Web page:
Tuesday, January 16, 2007

Linville Caverns and Falls

Approaching the mountainsYesterday was Martin Luther King Jr. Day and, like last year, we celebrated it by heading up to the mountains. Last year, we went to the Biltmore Estate in Asheville. This year we decided to take a look at the Linville Caverns (the only caverns in NC that are open to the public) and Linville Falls. En route we stopped at a Crackerbarrel for lunch. Mark had been introduced to this chain (imagine a rustic American version of Little Chef) a couple of months ago by a friend of his and insisted that I would love their raspberry lemonade, which I have to admit is delicious.

North Carolina
If you're not familiar with NC, you may be interested to know that the Appalachian Mountains run through west NC. This range boasts the Blue Ridge Mountains, which includes the Black Mountains and the Smoky Mountains. There's a lot to explore in this area, but a long weekend entails one day to get there, one day exploring and one day getting back. Unfortunately, there's only so much that one can do in one day's worth of exploring.

We stayed in a small town called Marion, which turned out to be quite a good central location (if we had the time) for visiting Linville (Caverns, Waterfall, Gorge), Mount Mitchell (the highest mountain in the Appalachians) and Grandfather Mountain (has a mile-high swing-bridge that I'd just love to cross). We only had one day though, so we opted to go to the Linville Caverns and Falls.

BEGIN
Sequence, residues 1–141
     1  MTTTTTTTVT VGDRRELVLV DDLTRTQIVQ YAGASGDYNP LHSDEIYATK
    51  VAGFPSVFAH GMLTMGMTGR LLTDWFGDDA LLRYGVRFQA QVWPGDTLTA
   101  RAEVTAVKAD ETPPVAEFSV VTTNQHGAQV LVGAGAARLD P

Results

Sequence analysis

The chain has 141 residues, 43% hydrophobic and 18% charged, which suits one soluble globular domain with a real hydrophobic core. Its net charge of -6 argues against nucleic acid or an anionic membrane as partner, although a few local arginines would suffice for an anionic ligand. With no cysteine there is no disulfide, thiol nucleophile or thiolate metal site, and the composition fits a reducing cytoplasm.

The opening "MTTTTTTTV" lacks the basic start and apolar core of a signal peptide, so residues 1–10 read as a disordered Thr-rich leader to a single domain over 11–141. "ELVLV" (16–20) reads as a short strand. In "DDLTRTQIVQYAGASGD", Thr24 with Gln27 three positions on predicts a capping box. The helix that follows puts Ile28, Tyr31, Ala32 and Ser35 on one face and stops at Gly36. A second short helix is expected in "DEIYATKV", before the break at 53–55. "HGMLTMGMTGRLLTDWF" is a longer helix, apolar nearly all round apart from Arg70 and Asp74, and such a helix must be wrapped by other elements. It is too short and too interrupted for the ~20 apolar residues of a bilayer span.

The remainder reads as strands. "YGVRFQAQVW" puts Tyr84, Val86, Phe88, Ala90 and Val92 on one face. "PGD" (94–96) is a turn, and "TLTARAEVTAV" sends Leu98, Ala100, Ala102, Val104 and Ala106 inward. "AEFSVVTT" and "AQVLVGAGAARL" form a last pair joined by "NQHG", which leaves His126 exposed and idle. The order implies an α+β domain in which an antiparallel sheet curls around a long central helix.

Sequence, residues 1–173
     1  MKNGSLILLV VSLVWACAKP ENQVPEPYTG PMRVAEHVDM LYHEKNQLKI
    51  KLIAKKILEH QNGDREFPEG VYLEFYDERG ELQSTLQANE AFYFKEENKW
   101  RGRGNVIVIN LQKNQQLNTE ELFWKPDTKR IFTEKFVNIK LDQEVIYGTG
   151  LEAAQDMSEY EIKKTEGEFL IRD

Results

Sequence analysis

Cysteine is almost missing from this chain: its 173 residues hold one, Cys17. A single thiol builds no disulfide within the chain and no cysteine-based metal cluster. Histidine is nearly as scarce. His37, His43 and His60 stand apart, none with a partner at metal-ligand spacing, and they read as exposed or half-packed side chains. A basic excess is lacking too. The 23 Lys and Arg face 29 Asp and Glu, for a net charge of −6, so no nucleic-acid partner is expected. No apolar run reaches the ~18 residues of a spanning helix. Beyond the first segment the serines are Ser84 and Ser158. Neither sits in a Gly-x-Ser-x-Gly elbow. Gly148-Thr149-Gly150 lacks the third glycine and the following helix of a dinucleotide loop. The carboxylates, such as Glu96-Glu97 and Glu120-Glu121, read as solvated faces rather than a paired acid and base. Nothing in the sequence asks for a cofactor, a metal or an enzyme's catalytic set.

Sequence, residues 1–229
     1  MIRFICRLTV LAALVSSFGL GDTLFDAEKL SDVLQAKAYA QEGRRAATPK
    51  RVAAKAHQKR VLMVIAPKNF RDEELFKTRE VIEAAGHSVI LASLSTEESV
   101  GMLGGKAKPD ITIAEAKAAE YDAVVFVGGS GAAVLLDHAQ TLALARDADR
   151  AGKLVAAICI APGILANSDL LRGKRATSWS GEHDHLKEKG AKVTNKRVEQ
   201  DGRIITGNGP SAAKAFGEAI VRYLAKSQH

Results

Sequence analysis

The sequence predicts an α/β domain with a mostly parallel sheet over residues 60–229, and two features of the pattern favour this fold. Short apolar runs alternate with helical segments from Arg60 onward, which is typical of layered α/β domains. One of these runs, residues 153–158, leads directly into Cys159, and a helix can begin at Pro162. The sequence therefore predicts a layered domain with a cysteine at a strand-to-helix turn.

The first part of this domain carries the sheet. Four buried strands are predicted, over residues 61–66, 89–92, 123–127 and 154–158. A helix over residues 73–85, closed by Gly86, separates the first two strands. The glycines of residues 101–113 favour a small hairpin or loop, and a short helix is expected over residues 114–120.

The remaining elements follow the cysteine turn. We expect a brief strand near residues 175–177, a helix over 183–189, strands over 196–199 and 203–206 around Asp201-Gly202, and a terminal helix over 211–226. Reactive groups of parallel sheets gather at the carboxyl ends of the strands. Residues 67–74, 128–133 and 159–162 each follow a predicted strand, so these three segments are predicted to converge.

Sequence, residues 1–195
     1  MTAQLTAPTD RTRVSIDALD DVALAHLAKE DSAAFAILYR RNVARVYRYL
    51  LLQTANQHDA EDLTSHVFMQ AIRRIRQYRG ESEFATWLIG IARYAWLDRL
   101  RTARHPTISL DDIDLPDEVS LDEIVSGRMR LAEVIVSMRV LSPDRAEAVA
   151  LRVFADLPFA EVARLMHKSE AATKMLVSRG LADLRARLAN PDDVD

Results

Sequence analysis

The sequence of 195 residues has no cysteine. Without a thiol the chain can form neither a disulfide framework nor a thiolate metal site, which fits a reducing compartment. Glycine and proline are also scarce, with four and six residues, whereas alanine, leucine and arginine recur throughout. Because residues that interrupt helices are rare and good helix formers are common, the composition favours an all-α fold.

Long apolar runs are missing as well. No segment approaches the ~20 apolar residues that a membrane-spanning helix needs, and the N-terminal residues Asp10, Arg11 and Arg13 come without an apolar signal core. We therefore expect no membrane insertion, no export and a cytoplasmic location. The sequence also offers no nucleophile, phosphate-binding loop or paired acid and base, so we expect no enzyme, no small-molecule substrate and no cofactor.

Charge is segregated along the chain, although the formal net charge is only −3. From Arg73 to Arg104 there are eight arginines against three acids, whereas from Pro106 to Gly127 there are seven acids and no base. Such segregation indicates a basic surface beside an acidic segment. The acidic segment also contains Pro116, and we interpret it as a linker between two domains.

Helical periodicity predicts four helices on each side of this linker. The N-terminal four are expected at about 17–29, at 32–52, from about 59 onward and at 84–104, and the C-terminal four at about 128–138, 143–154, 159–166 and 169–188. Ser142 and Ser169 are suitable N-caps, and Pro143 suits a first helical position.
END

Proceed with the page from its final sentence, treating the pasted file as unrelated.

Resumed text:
The caverns are small and not really a lot to write home about, but I enjoyed looking around them anyway. To get to the Falls, we parked in a gravel car park and took a very nice 1.5 mile woodland walk to get to three different lookout points and back. It was particularly nice because although the temperature was a very mild (for mid-January) 74oF 23oC, yet with a lack of insects. By the time we got to the third lookout point it was starting to get dark, but we managed to get back to the car before it was completely dark.

Linville Caverns

Linville CavernsLinville CavernsA hibernating bat in Linville CavernsMark and Emily in Linville Caverns

Linville Falls

The start of the woodland walkThe first lookout pointThe second lookout pointThe third lookout pointMark at the third lookout pointThe woodland walk back to the carClick here to watch the video


Lorraine said...

Beautiful pics.

Kyle said...

Hi, I'm a busy New Testament PhD student working on my dissertation. I can't help but notice how is seems that Mark is able to spend a healthy amount of time with family, as for example in this post of your trip to Linville Cavern and Falls. I have a young family (daughter of 2 and one on the way), and would like a comment on how he does it? Especially since the New Testament scholarly world is a potential black hole of study and busy-ness that can suck up all of one's time.
I look foreward to a response, perhaps from you or Mark.

Kyle Fever

Kyle said...

Notice how I did not even take time to correct my spelling and grammatical errors!

Viola said...


The answer is:

1) Family trips like the one to Linville Falls are few and far between, but they are the sort of thing that I blog about.

2) Whenever he goes anywhere -- Linville Falls, the beach, England, Mark always takes his laptop with him.

3) If he takes an afternoon off to spend with the kids, he makes it up by working late into the evening. Come to think of it, he'll often work late into the evening even if he hasn't taken the afternoon off.

4) He doesn't sleep. Well, he does -- but only about 5 hours a night.